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Navigating the College Search Process With a Learning Difference

Navigating the College Search Process With a Learning Difference

By Amy, IvyWise Principal College Admissions Counselor

As a college counselor and a mother of a child with a learning disability (LD), I know the concerns that many families have before, during, and after the college search and admissions process. It’s important for parents and students to know their options, and since information and policy are constantly changing, research and expert advice are key to successfully navigating this confusing landscape.

Research is important and knowledge a powerful tool, as parents of high school age kids with LDs already know. After my daughter was diagnosed with a significant vision disability, information and advocacy became my paramount concerns as we navigated 504 Plans and IEPs. My main goals have been to do what is best for my daughter, while also giving her the tools to advocate for herself when it comes time for her to leave home for college. Information is constantly changing, so families need to stay abreast of the latest developments, or consult with an expert who does, in order to effectively navigate the college admissions process with a student with an LD.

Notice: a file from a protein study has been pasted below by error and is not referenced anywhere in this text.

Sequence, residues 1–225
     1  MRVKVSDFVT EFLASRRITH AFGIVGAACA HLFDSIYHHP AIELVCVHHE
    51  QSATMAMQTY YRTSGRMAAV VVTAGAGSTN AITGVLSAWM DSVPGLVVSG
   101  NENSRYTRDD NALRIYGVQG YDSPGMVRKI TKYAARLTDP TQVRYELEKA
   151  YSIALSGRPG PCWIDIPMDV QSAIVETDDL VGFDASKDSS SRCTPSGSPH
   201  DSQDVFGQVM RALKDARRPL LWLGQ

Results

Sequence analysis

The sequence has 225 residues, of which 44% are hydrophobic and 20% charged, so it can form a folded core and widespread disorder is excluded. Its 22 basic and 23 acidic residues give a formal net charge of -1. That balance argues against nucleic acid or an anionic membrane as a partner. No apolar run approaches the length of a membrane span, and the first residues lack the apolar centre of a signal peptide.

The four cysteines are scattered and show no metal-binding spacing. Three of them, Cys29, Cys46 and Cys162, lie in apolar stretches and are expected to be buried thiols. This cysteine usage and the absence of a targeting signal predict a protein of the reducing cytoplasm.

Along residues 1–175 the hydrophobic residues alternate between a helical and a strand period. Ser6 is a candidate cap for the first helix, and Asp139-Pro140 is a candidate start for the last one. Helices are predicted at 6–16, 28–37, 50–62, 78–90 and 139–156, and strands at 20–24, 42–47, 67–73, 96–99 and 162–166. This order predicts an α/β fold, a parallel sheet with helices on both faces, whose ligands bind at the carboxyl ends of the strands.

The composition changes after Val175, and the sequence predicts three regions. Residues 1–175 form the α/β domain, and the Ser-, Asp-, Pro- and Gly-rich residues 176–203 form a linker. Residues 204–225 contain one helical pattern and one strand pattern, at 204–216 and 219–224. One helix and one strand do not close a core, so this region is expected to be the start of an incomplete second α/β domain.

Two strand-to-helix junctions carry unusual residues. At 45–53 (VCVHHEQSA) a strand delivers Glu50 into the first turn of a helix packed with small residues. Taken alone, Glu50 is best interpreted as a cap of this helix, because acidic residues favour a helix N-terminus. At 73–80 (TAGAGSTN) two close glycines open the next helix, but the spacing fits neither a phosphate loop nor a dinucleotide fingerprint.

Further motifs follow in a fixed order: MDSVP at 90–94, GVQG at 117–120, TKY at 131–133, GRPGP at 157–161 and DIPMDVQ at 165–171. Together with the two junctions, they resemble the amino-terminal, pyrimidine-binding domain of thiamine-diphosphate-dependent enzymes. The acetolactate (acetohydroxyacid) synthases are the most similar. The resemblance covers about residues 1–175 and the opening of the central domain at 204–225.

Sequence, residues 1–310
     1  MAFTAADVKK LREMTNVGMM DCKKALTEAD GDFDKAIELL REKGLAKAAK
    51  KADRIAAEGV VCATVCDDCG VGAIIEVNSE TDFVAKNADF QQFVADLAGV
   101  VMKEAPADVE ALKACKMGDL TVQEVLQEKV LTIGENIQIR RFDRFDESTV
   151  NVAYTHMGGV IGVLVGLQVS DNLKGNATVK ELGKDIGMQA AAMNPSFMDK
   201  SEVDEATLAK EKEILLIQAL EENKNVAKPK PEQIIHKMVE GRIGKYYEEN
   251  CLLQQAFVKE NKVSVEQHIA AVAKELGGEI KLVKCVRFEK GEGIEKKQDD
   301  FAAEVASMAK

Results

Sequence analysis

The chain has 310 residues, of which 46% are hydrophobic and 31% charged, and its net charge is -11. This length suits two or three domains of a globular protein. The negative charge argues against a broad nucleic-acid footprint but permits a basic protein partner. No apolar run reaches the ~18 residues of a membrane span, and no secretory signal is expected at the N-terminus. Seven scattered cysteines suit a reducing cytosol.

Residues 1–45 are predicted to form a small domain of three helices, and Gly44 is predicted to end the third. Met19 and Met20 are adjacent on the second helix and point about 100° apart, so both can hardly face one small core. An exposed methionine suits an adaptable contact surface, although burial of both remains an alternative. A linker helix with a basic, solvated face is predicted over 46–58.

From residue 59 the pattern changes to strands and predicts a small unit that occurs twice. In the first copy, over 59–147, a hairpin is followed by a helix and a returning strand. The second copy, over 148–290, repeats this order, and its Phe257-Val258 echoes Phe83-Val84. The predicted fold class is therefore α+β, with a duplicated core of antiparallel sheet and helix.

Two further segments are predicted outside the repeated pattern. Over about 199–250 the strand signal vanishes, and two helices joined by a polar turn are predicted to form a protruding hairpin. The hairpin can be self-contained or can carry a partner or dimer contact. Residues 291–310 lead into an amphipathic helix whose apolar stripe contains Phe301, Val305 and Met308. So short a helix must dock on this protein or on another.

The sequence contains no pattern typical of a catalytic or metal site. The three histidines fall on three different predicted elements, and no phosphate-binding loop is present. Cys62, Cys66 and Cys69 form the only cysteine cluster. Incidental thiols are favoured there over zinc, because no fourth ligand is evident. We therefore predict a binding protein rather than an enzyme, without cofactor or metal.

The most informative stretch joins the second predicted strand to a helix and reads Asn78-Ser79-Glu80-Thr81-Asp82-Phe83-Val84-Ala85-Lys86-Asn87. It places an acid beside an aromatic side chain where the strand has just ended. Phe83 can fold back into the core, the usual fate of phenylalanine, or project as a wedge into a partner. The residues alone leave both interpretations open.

Research is Key
Students and parents need to be well-educated on their legal rights and responsibilities before heading to college (or into the workforce, as the case may be.) There are many agencies and resources provided by each state to help families in this area. Start with a simple online search by typing in your state of residence along with key words such as disability rights, resource, transition services, and advocacy into a search engine.

Families should also research the benefits of assistive and adaptive technology, which can easily be done online, too. The market for adaptive and assistive technology is always evolving for students with LDs, so it is imperative to keep updated on new devices and apps for students. These can be incredibly supportive for independent learning in college.